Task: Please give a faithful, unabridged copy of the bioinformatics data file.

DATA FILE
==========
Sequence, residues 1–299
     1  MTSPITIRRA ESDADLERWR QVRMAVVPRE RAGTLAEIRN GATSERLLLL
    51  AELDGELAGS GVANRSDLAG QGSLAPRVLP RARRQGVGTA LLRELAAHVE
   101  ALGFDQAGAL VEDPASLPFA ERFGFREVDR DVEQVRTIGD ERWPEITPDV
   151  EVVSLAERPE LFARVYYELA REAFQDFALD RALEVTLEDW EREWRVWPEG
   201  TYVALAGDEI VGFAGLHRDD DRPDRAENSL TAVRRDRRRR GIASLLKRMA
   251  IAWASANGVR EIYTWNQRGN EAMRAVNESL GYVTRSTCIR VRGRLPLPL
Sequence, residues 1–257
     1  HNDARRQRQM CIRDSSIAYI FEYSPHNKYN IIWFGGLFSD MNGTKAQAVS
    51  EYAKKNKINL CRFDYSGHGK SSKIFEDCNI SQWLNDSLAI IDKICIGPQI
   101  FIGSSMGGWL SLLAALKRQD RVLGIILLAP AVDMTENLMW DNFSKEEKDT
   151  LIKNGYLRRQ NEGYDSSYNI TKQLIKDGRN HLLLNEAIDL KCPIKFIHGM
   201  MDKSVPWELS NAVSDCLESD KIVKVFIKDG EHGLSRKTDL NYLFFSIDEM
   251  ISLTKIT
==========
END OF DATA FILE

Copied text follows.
Sequence, residues 1–299
     1  MTSPITIRRA ESDADLERWR QVRMAVVPRE RAGTLAEIRN GATSERLLLL
    51  AELDGELAGS GVANRSDLAG QGSLAPRVLP RARRQGVGTA LLRELAAHVE
   101  ALGFDQAGAL VEDPASLPFA ERFGFREVDR DVEQVRTIGD ERWPEITPDV
   151  EVVSLAERPE LFARVYYELA REAFQDFALD RALEVTLEDW EREWRVWPEG
   201  TYVALAGDEI VGFAGLHRDD DRPDRAENSL TAVRRDRRRR GIASLLKRMA
   251  IAWASANGVR EIYTWNQRGN EAMRAVNESL GYVTRSTCIR VRGRLPLPL
Sequence, residues 1–257
     1  HNDARRQRQM CIRDSSIAYI FEYSPHNKYN IIWFGGLFSD MNGTKAQAVS
    51  EYAKKNKINL CRFDYSGHGK SSKIFEDCNI SQWLNDSLAI IDKICIGPQI
   101  FIGSSMGGWL SLLAALKRQD RVLGIILLAP AVDMTENLMW DNFSKEEKDT
   151  LIKNGYLRRQ NEGYDSSYNI TKQLIKDGRN HLLLNEAIDL KCPIKFIHGM
   201  MDKSVPWELS NAVSDCLESD KIVKVFIKDG EHGLSRKTDL NYLFFSIDEM
   251  ISLTKIT